News Good News There’s no hair apparent to Mulletfest winner’s 32 years of being proudly out of fashion

There’s no hair apparent to Mulletfest winner’s 32 years of being proudly out of fashion

Shane "Shag" Hanrahan celebrates his tonsorial triumph with a trophy awash with a hefty swig of bourbon. AAP/Perry Duffin
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Proud mullet wearers from across Australia have converged on a country pub in NSW’s Hunter Valley to crown a champion of the infamous hairstyle.

Hundreds of people made the journey to Kurri Kurri’s Chelmsford Hotel on Saturday for the inaugural Mulletfest – a celebration of the 1980’s hairstyle.

This hopeful exemplified the long and short of the world’s most ridiculed hairstyle. AAP/Perry Duffin

A victor was crowned in five categories – best everyday, ranga, junior, grubby and ladies mullet.

From those winners a best of the best winner emerged – Shane “Shag” Hanrahan of nearby Denman.

“This is the first trophy I’ve ever had,” he told AAP after drinking Jim Beam from the silver cup. “I can’t believe it!”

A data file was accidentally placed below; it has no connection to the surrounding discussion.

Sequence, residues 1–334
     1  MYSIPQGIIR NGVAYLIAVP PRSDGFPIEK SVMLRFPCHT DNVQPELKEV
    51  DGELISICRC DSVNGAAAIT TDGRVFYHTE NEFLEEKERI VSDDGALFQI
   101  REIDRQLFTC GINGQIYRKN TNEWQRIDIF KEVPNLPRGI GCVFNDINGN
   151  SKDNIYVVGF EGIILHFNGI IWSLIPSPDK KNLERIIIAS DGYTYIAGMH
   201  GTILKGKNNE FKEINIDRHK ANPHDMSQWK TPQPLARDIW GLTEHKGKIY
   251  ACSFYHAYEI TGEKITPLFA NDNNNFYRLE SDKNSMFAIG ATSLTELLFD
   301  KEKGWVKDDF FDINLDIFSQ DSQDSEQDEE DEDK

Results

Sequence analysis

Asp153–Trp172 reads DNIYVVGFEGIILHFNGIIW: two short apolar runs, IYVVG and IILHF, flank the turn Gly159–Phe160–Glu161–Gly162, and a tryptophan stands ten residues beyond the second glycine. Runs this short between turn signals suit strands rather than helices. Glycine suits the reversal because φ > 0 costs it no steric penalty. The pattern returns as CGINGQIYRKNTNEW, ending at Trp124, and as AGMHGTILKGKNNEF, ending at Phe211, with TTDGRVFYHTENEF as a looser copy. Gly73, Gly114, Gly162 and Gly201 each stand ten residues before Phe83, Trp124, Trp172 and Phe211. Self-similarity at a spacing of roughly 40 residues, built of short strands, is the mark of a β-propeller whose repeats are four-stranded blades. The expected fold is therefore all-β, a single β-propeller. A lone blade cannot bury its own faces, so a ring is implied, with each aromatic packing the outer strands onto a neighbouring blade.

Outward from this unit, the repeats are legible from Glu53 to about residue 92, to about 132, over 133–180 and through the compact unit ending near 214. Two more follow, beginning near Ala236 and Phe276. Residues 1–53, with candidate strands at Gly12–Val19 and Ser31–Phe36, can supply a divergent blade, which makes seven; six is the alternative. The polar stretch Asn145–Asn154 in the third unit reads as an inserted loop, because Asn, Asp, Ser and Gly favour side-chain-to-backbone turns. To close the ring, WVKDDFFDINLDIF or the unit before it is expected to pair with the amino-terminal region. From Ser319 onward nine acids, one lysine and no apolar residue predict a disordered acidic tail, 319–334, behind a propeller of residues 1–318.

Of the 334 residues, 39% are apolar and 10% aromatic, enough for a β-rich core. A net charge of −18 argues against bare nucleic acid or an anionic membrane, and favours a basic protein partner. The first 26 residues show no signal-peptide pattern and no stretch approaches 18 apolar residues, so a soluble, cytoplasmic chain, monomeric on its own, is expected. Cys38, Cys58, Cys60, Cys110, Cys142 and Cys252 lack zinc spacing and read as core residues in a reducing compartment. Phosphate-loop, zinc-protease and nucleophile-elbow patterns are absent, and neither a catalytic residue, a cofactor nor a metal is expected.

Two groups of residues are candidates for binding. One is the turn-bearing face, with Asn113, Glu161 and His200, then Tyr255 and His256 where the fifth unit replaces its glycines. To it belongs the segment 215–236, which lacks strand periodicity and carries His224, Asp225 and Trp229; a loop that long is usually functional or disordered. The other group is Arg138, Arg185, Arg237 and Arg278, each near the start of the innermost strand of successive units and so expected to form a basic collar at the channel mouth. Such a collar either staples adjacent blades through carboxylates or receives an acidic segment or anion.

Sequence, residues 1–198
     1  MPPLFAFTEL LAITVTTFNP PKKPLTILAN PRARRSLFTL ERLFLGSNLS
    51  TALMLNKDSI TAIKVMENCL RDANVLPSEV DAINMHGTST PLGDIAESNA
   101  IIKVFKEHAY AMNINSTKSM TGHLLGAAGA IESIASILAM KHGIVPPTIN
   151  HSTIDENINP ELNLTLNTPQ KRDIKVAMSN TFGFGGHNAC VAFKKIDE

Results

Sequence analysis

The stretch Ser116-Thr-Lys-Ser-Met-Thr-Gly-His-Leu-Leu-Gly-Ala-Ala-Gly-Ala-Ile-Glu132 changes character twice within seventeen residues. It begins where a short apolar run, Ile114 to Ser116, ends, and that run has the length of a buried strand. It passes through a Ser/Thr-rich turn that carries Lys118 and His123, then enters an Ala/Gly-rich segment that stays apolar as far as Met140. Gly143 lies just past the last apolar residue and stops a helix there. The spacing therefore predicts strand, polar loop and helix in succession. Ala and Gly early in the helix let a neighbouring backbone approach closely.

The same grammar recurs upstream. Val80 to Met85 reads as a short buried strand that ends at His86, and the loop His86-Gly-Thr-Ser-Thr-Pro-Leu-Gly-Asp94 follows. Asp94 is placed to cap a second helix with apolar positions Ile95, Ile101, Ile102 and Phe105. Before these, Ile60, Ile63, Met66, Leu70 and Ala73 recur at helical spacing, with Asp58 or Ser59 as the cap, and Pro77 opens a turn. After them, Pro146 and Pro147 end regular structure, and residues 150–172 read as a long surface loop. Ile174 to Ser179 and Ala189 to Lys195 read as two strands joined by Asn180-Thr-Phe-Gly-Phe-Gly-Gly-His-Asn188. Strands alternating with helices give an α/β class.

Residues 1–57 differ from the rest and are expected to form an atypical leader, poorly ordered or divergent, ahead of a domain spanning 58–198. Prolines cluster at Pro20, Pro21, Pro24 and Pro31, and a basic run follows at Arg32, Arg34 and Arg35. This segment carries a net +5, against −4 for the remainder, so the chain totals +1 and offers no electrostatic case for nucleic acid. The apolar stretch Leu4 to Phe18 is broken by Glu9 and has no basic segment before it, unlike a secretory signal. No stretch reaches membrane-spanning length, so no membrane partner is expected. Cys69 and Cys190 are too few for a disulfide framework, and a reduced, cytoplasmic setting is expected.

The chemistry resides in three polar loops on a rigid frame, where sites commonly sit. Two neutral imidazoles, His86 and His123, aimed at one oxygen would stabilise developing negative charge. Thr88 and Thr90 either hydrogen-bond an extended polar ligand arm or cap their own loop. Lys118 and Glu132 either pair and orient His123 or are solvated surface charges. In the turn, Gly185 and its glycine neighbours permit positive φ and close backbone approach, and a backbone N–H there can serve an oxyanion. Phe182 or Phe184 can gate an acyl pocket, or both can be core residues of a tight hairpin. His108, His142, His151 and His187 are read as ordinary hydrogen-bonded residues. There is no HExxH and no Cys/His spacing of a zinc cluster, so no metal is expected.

Mr Hanrahan, whose waist-length mullet has gone uncut since 1986, said his wife Julie – who is a hairdresser – signed him up for the festival.

He celebrated the win by leading the band, the Stunned Mullets, in a rendition of Dirty Deeds by AC/DC.

Controversy swept through the pub after the judges failed to give crowd favourite, Victorian potato farmer and coal miner Laurie Manuel, a place in the finals.

“You get up on stage and you think you’re tough with the mullet,” Auburn everyday mullet contender Brad Macmillan said.

“But, when I look at [Laurie] all I feel is envy.”

But Mr Manuel, who flew his luscious hair from Gippsland to Kurri Kurri, said he was just happy to be a part of the festival.

“I just want the young guys to get inspiration from me,” he said.

“Even though you’re 60 years old you can have a really good mullet.”

Hirsute contenders for the coveted trophy made the competition intense. AAP/Perry Duffin

“Any young guys get started yesterday – get a mullet and keep it going – we want to see you next year.”

Maybe it was his time on the farm or down the mines but Mr Manuel said he thinks dust is the key to a good mullet.

He said he wished his sons, sporting mullet wigs to support their dad, had followed in his footsteps.

“It’s the family’s pride,” his son Paul said.

“Dad wears the mane of the family – it’s like a lion’s mane. It’s a symbol of his life and it’s been around all of his life.

“And I haven’t grown one just yet but, before they put the last nail in my coffin, I’ll have a mullet – just for the old man.”

The festival is expected to return next year.